For that matter, would you want to face the Mariners' top three starters if they get further? Hisashi Iwakuma is 11-6 with a 2.72 ERA and a 0.97 WHIP. Chris Young, signed at the end of spring training after the Washington Nationals released him, is 11-6 with a 3.20 ERA and 1.12 WHIP. Those three have the best combined ERA of any starting trio in the league. The rotation has a league-leading 3.28 ERA, while the bullpen has a league-best 2.33 ERA.

Overall, the Mariners' ERA is 2.95. It's been 25 years since a major league team finished with an ERA under 3.00. The last American League team to do so in a full season was the 1974 world champion Athletics.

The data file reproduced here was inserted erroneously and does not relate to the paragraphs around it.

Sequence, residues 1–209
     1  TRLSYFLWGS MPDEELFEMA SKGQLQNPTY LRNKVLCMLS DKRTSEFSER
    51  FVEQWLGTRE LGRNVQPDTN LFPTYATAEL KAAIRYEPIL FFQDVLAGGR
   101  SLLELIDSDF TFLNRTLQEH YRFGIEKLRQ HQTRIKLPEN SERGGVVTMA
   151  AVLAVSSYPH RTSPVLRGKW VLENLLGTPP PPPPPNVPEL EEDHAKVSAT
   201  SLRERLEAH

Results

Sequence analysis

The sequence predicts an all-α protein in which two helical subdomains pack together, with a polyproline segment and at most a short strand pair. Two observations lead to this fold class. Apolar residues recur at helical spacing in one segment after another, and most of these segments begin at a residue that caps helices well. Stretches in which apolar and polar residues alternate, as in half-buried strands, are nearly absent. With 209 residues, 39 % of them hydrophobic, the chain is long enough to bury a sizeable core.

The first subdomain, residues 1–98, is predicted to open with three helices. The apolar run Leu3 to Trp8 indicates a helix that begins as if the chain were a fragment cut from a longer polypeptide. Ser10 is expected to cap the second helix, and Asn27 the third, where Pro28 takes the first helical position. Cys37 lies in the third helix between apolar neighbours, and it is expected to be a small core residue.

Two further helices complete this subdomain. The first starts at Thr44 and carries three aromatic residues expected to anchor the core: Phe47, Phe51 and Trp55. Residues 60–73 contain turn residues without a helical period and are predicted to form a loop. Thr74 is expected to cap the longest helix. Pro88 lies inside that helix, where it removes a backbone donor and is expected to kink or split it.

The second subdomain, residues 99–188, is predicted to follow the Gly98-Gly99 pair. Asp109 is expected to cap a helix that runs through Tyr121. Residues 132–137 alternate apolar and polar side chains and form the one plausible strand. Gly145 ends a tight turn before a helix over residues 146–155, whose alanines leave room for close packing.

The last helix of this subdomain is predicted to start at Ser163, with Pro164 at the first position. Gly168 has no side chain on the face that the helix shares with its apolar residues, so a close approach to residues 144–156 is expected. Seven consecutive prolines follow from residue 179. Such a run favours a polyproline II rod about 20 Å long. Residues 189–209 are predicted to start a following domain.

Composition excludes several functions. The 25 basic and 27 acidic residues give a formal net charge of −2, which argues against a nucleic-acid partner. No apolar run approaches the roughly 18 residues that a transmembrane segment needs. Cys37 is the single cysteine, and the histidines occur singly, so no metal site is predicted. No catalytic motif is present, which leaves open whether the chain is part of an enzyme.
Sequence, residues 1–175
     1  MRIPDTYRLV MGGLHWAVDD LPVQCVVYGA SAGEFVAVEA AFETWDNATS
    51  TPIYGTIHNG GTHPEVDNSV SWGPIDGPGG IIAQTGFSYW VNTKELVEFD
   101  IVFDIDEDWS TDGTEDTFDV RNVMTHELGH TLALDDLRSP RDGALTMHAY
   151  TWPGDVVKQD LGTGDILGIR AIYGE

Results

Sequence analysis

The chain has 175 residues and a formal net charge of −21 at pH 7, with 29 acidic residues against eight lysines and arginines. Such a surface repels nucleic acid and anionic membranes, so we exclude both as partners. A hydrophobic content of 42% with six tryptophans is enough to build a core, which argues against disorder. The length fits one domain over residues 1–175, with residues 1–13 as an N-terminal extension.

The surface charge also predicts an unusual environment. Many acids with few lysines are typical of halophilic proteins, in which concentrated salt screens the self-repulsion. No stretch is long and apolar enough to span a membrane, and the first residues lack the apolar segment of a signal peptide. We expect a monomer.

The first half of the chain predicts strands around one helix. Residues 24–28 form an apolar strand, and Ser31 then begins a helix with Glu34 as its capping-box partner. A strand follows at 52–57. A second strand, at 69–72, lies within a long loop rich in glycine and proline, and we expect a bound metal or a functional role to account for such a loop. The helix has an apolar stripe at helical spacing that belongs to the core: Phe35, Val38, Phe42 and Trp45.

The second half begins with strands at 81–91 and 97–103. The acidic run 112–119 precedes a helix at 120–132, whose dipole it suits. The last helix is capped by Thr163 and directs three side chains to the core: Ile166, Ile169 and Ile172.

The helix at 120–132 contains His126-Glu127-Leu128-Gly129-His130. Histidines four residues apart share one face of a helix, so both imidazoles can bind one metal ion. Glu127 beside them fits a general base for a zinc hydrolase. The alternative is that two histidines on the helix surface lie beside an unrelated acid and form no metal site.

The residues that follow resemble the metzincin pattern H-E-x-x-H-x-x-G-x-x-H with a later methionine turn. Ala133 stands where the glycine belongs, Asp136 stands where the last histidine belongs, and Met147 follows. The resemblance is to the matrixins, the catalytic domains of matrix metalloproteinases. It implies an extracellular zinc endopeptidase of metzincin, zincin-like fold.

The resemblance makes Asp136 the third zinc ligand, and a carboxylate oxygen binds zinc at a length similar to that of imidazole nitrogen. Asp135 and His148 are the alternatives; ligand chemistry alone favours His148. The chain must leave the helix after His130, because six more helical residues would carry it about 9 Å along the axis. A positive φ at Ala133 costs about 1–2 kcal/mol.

"I don't think I would want to meet those guys in a short series," a veteran scout said. "I wouldn't want to face them in one game, and I think it would be a low-scoring seven-game series, too."

Yes, it likely would be. The issue -- the thing most responsible for keeping Seattle behind Oakland and the Los Angeles Angels in the AL West Division -- has been the offense. As Hernandez knows all too well, the Mariners have struggled to score runs for years; and this year, they are 28th in OBP and 25th in OPS. Somehow, they are merely 21st in runs. (Perhaps Glenn Close stands up during clutch moments.)

"It's the old adage: Pitching and defense wins games," manager Lloyd McClendon said. "We pitch pretty well and we can catch the ball. Are we challenged offensively? Yeah, we are. But like I tell everyone else, we take our BB gun and shoot you between the eyes while we dodge the shotgun."